[unisog] Full disk encryption packages -- summary

Russell Fulton r.fulton at auckland.ac.nz
Sat Dec 22 20:11:56 GMT 2007


I got a few replies to my 'survey'  not enough to produce anything  
statistically valid but still interesting.

Windows:

I got one institution using PGP Desktop with tokens for key storage,  
three using PGP full disk encryption (FDE).  Both of these are  
commercial packages from PGP.

All of the respondents were happy with the products, including ease of  
set up, subsequent administration and end user experience.  Both have  
enterprise type features like key escrow but no one admitted using them.

Both also allow one to encrypt removable devices but this is not  
transparent.  That is you need to explicitly encrypt the device and  
type a password when ever you mount it.

One respondent pointed out that the full disk product also handles  
dirty shutdowns (the desktop product presumably does too).

All the windows responses were for PGP products.  Somewhat telling I  
think so we will probably go with PGP on the windows front.

Macs:

No one responded to say they were using encryption on Macs so I spent  
a while doing my own research and asking the major mac users here on  
campus.

First off PGP FDE works on Macs but does not encrypt boot partitions.   
It can however be used to encrypt removable devices -- this could  
still be useful to handle the movement of encrypted USB devices  
between Macs and PCs.  Recent versions of MacOS come with FileVault  
which can encrypt the boot disk or individual folders.  Some admins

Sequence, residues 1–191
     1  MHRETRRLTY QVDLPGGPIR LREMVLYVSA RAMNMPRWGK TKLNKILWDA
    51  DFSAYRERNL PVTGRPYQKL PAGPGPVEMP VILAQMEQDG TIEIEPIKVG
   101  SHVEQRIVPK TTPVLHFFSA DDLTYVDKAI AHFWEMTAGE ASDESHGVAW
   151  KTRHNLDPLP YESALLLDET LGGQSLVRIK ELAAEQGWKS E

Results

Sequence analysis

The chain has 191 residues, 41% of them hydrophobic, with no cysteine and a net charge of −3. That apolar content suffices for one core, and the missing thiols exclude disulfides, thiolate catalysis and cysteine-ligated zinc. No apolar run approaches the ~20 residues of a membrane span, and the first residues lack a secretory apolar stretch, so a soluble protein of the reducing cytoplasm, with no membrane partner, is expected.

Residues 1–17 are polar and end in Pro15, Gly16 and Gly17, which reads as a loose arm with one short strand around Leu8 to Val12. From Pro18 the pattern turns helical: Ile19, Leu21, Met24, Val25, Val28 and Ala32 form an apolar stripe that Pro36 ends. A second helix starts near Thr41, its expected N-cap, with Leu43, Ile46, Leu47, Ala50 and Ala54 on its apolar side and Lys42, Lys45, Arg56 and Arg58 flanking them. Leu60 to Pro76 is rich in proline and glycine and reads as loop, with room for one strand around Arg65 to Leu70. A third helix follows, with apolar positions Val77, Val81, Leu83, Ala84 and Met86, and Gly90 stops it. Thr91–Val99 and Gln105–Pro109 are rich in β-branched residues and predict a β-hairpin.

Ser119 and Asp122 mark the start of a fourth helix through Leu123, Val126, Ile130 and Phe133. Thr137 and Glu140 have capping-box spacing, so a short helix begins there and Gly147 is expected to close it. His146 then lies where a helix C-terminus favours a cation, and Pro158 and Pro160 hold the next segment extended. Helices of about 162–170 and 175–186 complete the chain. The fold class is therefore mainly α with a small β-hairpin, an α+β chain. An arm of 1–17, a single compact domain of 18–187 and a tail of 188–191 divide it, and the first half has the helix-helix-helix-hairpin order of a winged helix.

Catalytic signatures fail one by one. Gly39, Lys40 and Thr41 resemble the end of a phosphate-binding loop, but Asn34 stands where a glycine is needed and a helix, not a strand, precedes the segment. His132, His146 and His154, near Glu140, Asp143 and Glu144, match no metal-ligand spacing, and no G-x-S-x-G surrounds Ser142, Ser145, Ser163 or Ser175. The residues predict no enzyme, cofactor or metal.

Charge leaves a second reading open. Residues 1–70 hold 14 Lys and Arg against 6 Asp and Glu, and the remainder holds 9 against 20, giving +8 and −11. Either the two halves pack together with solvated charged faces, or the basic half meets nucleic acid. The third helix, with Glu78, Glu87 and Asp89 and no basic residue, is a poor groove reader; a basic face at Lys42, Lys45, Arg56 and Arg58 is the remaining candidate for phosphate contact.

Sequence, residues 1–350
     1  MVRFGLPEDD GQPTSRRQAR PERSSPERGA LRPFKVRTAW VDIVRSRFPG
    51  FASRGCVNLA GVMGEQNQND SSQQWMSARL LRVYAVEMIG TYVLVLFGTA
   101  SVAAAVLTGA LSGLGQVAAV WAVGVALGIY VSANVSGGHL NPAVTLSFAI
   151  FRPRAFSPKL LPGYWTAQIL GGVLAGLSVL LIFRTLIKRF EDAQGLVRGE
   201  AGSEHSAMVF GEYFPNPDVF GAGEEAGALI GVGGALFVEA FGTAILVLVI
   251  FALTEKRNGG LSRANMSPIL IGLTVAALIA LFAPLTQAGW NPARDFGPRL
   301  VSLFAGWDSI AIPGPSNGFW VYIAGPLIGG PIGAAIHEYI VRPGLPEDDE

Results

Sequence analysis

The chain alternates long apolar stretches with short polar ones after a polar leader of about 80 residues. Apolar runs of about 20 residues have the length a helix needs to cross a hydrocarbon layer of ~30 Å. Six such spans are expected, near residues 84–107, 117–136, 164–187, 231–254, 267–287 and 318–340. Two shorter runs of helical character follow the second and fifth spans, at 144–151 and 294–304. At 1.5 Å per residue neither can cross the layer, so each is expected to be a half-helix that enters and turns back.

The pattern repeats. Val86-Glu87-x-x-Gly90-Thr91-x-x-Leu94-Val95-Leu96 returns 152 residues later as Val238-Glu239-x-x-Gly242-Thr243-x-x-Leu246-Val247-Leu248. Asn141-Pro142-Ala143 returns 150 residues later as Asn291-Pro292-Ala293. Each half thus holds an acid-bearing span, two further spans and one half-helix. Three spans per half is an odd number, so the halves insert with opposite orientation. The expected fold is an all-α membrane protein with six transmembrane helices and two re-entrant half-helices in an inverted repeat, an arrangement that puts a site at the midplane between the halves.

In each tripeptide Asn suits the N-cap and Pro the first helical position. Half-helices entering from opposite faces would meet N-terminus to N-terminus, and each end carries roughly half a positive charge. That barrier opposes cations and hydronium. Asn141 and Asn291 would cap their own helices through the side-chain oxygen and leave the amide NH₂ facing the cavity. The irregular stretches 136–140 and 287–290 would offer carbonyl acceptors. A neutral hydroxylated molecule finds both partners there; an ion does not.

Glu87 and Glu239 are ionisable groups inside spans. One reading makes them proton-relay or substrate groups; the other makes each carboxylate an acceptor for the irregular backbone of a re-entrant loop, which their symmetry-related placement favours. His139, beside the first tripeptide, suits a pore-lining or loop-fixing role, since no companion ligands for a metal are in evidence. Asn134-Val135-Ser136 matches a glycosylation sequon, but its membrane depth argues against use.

here have had administrative problems with machine using filevault --  
maybe 10.5 is better?  The other potential downside of FileVault is  
that it uses the keychain and is thus ultimately dependent on the  
strength of the login credentials.

I use a Mac laptop running 10.5 and I thing I'll give FileVault a try  
and see how it goes...

One group is using encrypted disk images -- you get prompted for a  
password when you mount them.  Like encrypted folders these suffer  
from the problem that stuff may get left in temporary files etc.   
Whether or not these are adequate depend on just how sensitive the  
data you are trying to protect is and whether you are trying to  
protect against targeted attack or unintentional disclosure though  
loss of the machine.

On the removable media front I we are also looking at encrypted USB  
keys -- I'll write a separate post on that.  Suffice to say here that  
there is at least one good solution out there and that this may well  
solve the issue of removable media for Macs.

Linux:

As mentioned above I had one respondent using Linux who is using "LUKS  
on Debian Etch".  He was generally happy with the solution but  
reported problems with the encryption interfering with the general  
administration of the machine.  They had not tried encrypting  
removable devices.

Thanks to those who responded.

Russell









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